RSS Feed

  1. Well most people seem to regard to new student fees regime of up to £9,000 per year as a bad deal for the students, however a quick look at the mechanics of the arrangement prove that the debt is still probably the best form of debt anyone is offered in their lives.

    The central idea is that the loan is repaid when after graduation the student gets a job and pay the loan back as a form of an additional tax on earning, like a PAYE payment. The maths however mean that is a full loan is taken out then the loan is likely to not be paid in full by the end of the term of the loan, unless you are lucky enough to get a very good job. Let us assume that the student takes out a loan of the full amount of the tuition loan, ie £27,000 (3 X £9,000).

    The graduate then obtains a job at the average salary of £25,000 from the age of 22 to 50 year old when the loan term ends and the amount is written off. As the rate is 9% of wages over the amount of £21,000 they would pay £360 per year (£25,000 less £21,000 X 9%). Over the 28 years of making the payments only £10,080 is repaid. With the loan plus compound interest of say 3% over the period the amount owed is now £61,774 (27,000X(1.03 power 28)) a repayment of £10,080 means the total written off by the goverment would be approximately £51,694. 

    The conclusion is that unless the scheme changes or you have an adversion to debt it is usually always goin to be worthwhile to take out the debt, so parents paying their offsprings fees out of familial duty may simply be a poor financial choice. Whether or not these loans represent good value for the tax payers is of course another question entirely. 

  2. Well finally the budget has been announced for the next tax year, beginning in the main from April 2013, and it looks like the main two changes are a typical coalition attempt to satify the two competing factions, and as in any committee decision everyone got a bit of what they wanted and nobody ended up being really happy. The conservatives ended up with a reduction of 5% in the income tax rates over £150,000 and the Liberal Democrats got a rise in the personal allowances for people within the age group of 16 to 65 to £9,025 from April 2013. There was also good news for companies as the corporation tax rate drops immediately (well in April 2012) to just 24%. The expected cut to child benefit has also been altered to make the benefit still available to those who earn under £60,000, a much greater amount than the £40,000 proposed.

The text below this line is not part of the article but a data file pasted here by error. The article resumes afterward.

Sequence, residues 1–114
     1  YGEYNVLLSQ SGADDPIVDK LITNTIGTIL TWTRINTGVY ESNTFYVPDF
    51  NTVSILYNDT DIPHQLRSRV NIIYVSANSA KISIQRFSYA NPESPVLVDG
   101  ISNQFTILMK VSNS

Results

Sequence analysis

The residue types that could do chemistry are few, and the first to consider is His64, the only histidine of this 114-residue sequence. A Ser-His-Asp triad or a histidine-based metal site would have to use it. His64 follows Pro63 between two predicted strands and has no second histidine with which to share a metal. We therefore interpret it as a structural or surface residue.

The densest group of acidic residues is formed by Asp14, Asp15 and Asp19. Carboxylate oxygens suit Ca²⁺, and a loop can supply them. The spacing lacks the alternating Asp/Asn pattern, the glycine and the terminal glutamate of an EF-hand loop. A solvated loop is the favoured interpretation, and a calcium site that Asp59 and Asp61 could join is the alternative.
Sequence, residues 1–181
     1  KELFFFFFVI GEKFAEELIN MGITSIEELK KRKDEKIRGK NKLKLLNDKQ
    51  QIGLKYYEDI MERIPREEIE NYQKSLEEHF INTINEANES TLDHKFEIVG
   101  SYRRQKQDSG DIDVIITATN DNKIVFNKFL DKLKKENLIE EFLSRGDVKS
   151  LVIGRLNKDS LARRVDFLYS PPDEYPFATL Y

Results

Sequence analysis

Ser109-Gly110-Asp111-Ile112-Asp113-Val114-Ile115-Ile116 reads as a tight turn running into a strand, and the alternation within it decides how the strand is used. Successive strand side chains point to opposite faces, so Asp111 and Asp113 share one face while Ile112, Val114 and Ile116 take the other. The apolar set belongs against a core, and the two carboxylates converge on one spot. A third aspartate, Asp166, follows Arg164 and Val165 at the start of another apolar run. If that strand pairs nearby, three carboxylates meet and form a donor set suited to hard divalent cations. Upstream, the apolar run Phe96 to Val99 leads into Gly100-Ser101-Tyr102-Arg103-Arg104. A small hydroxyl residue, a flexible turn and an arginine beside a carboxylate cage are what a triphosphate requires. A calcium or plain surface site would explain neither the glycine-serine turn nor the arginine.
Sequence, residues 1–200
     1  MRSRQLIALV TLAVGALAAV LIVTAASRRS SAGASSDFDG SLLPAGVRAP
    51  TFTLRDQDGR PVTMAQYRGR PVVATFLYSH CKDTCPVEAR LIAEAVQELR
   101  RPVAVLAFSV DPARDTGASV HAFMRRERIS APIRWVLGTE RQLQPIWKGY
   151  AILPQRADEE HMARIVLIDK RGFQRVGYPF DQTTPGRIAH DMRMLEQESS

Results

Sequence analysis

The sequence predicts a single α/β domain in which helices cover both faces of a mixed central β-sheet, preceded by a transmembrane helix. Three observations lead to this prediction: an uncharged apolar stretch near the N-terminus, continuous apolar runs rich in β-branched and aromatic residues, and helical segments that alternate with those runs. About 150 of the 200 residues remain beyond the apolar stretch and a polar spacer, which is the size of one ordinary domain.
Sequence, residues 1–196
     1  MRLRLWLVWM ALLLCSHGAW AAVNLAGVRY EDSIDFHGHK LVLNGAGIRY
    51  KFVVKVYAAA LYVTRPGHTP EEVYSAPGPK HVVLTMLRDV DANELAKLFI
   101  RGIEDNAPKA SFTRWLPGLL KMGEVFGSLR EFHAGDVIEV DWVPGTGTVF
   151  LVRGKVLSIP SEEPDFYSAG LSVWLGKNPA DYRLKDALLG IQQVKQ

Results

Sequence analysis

The cost of these measures will however be taken by pensioners next year and home buyers from midnight tonight, with a massive 15% stamp duty on 'non natural persons' or companies making sales. Stamp duty will be rising for the small number of homes sold for over £2 million to 7% from 5% from next year, when 'non natural persons' will become elligible for stamp duty being payable for the property seller. Other methods of purchasing homes and reducing the stamp duty payable by for example splitting the property into the chattel items being sold like furniture and the structure of the home have not being changed. It is therefore still possible to split a home into a sale of the 'chattels' for £30,000 and 'property' for £125,000 and pay no stamp duty on the £155,000 which would be payable on a home above £125,000 now that the £250,000 first time buyer limit has diappeared.

    Most of the costs to recoup will come from the additon of a limit to the tax relief on payments like pension contributions, reductions in the level of personal allowances for those over 65 and increased tax on achohol and cigarettes. The limit on tax reliefs means that if a person earns a salary of £100,000 and decides they wanted to pay £60,000 into their pension scheme voluntary moving their marginal income tax rate to the 22% rate instead of 40% then £10,000 would be disregarded, and 40% would be payable on this £10,000 amount. People over 65 will get their allowances frozen at the £10,500 for those between 65 and 75, and £10,660 for those aged over 75. This is still however significantly higher than the rate given for those under 65 at £8,105 in the coming tax year, so they can't grumble too much (they do vote though). Hardest hit as usual are the smokers, who get a 5% over inflation whack. Yep thanks George (cough)